29. 29. Model: Versioning • Each modified version of a collection is a new document • db.<database>.find({“version:2”}) ➡shows all collections for version ‘2’ of the schema for the DB. 29
  30. 30. Partial Schema • Example: you just want to validate the ‘version’ field which has values as ‘string’ and as ‘number’ 30 { "type": "object", "properties": { "version": { "type": "string", } } } { "version": 1.0, ... }, { "version": “1.0.1”, ... } JSON SchemaJSON
  31. 31. Tools • Get some JSON Schema from JSON: • http://www.jsonschema.net/ • Validate your schema • http://jsonschemalint.com/ • https://github.com/dcoupal/godbtools.git • Validate/edit JSON • http://jsonlint.com/ or RoboMongo • Import SQL into NoSQL • Pentaho, Talend 31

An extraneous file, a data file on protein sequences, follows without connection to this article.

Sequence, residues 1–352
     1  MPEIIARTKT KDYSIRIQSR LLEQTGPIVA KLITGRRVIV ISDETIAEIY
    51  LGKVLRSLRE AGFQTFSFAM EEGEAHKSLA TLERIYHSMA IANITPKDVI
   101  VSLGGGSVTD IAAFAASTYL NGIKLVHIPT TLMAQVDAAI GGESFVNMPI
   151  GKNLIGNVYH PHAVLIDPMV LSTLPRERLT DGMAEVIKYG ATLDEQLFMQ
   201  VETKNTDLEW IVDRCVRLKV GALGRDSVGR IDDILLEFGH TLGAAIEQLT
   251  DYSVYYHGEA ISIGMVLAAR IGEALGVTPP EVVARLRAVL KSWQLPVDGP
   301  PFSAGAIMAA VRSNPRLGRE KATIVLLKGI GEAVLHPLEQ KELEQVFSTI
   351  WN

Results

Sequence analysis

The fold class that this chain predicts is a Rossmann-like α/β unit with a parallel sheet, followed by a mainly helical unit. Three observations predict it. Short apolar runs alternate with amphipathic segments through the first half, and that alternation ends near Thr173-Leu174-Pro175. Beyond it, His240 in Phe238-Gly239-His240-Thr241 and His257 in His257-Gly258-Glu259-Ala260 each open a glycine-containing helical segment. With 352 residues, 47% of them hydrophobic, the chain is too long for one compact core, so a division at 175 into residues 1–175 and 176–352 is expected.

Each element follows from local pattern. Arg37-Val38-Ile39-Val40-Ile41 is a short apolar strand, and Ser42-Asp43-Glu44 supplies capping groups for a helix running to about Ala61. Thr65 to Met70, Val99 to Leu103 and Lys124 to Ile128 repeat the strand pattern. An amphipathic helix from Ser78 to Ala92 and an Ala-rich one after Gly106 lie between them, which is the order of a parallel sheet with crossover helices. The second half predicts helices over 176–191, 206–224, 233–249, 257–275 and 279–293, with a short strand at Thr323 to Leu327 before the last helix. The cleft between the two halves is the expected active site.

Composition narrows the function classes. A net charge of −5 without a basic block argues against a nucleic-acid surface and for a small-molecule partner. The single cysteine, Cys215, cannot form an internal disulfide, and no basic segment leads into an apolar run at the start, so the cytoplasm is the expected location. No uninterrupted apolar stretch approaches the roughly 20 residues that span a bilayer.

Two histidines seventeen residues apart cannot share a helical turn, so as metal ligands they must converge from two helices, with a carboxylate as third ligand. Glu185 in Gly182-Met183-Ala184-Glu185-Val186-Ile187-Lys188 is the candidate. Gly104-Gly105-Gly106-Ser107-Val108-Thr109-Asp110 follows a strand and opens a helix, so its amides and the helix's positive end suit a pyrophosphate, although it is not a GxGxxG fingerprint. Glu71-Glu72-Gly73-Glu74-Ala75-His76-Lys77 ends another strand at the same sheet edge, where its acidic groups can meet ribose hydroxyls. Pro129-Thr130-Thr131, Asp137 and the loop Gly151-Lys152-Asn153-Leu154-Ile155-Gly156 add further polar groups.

32. 32. Tools considerations • NoSQL often relies on data being in RAM. Scanning all your data can make your dataset in memory “cold”, instead of “hot” • running incremental validations work better, ensure you have timestamps on insertions and updates 32
  33. 33. Document Validator 33 Schema (JSON Schema) Collection (JSON) Validator
  34. 34. “Eventual Integrity” • NoSQL have eventual consistency • With tools that validate and fix the data according to a set of rules, we get “eventual integrity” 34
  35. 35. Tools to be developed • UI to manipulate a schema graphically • More Complete Validators: • constraints • relationships • Per language library to validate inserted/updated documents 35
  36. 36. Conclusion: Take Aways • Design in this order: queries, indexes, data, application. • Capture your model outside the application. • Not having a schema is not a good thing! Use the attribute ‘schemaless’ wisely! 36 NoSQL Goal Answer to Step 1 Step 2 Step 3 Step 4 current usage what questions do I have? write queries add indexes model data write application
  37. 37. Questions? • dcoupal@universia.com 37

×